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« Back India: Students as Beacons of Ethics in Higher Education

On the 18 and 25 June 2021, India and the Rani Anna Government College of Women Students hosted an international webinar titled ‘Students as Beacons of Ethics in Higher Education'.The first day of the webinar focused on defining ethics within the context of higher education, challenges that arose due to the COVID-19 pandemic, and partnerships as vehicle for empowering people and building capacity.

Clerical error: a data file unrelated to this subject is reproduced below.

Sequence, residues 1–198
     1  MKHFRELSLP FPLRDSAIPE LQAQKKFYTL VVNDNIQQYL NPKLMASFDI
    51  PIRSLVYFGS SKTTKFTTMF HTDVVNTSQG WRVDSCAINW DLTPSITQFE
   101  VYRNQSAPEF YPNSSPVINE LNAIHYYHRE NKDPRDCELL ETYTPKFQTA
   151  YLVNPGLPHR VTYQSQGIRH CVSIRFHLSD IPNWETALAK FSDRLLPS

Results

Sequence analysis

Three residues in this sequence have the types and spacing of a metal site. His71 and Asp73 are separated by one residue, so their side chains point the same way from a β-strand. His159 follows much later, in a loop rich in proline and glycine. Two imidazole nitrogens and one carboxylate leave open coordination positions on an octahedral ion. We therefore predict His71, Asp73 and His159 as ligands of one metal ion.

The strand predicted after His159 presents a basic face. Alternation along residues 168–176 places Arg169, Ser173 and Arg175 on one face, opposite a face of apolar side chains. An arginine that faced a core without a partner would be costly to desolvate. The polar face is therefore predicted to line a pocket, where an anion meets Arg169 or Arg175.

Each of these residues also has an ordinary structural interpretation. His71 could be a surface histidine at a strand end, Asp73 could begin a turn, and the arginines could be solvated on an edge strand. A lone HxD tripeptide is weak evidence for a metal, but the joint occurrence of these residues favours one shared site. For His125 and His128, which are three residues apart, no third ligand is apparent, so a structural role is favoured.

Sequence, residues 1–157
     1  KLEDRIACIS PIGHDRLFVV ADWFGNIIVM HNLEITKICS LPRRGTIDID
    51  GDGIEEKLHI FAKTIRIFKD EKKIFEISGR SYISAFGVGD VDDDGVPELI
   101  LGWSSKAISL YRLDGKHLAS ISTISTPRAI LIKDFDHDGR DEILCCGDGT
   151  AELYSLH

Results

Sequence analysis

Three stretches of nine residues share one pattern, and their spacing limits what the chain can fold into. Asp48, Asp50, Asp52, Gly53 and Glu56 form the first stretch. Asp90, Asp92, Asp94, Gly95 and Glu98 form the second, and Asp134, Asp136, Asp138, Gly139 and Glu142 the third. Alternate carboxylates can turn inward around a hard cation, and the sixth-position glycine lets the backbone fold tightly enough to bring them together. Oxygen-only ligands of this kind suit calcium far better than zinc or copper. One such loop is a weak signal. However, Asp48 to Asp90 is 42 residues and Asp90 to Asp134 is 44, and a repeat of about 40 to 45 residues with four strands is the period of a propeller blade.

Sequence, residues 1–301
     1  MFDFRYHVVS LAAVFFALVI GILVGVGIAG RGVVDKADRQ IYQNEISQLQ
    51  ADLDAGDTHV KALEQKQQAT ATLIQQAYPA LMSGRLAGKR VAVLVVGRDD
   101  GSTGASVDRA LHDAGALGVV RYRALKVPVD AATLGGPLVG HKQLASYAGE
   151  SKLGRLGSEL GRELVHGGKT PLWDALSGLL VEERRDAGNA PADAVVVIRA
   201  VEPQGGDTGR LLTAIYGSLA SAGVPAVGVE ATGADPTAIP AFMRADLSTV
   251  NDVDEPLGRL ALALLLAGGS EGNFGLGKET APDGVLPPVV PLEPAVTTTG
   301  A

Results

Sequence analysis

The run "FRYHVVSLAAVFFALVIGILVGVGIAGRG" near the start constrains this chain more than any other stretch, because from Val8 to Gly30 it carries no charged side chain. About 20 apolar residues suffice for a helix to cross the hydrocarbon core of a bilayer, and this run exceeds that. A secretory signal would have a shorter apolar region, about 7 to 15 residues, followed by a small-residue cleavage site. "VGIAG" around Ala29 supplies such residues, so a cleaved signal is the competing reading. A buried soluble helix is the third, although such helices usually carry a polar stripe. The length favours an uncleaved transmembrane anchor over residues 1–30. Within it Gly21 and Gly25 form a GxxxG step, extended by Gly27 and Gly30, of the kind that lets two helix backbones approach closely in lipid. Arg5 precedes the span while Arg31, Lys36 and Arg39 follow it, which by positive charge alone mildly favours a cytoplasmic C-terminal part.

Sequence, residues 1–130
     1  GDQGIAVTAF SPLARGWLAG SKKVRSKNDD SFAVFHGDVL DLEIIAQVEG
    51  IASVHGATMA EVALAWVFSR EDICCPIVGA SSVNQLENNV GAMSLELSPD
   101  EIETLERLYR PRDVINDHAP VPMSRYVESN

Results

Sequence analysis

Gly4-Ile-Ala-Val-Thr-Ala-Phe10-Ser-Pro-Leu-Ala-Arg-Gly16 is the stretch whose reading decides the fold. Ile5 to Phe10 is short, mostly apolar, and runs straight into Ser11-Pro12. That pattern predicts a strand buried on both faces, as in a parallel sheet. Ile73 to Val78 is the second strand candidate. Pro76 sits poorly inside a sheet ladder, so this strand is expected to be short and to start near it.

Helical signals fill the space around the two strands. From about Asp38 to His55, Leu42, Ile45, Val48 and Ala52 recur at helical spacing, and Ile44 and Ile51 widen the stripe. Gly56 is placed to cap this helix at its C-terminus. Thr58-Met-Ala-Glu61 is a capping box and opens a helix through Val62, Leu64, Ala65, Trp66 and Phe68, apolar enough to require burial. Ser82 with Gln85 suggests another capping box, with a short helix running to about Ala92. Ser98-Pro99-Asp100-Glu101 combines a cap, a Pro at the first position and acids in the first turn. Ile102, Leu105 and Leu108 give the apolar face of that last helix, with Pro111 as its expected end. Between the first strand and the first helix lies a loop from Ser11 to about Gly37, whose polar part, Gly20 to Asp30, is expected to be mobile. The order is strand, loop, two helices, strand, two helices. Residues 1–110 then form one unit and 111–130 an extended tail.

Following the inaugural address by Dr. Joseph Dunston, India Programme Executive, Rajula invited Director of India, Rev. Fr. Jose Nandhikkar to take the floor. He noted that quality education leads to sustainable development, and that the inclusion of ethics plays a vital role in doing so. "There is no sustainable development without ethical development,"  and he also noted that students are the beacons of light leading us to a brighter future. He made a call for action to address the widening inequalities, as 17% of the world population remain illiterate and Indian ranking as the second most unequal region with regard to wealth distribution. Accompanying these inequalities are also new challenges, such as the digital divide and poor connectivity exacerbated in light of COVID-19. The pandemic has had a huge impact on the education sector, with more than 1.5 billion students and youth being directly affected by school and university closures. He noted that we must promote life-long learning and opportunities for all by implementation of the four pillars of learning: learning to know, learning to do, learning to live together and learning to be.  Rev. Fr. Jose Nandhikkar proposed than rather talking about STEM – science, technology, engineering and mathematics, we should focus and need more STEAM – science, technology, ethics, arts and mathematics. Donor relationships and strategic partnerships lead, Christine Housel spoke on the importance of ethical foundations for global partnerships. She noted that the international community has acknowledged the role of partnerships, with a SDG being solely attributed to and for partnerships. She listed some of the reasons why people may be hesitant or avoid entering into partnerships, such as sharing power and control, and the associated level of risk by depending on others. However, she emphasised the role of ethical principles for ensuring success of partnerships, such as building trust by being responsible and fair, assigning clear roles and responsibilities and making sure to factor in communication strategies and strong interpersonal skills.  She also spoke about the need to work cross-disciplinary and cross-culturally to find synergies and creating communities. The Academy course on Interreligious Cooperation for Peace teaches users exactly how to do it.  Christine noted that successful partnerships would be a win-win, asserting the notion that "we don't have hurt others to succeed, that there is space for all as we work together". aims to empower people and build capacity by providing a world of resources open to all, including the open access and online Library, and Publications freely available.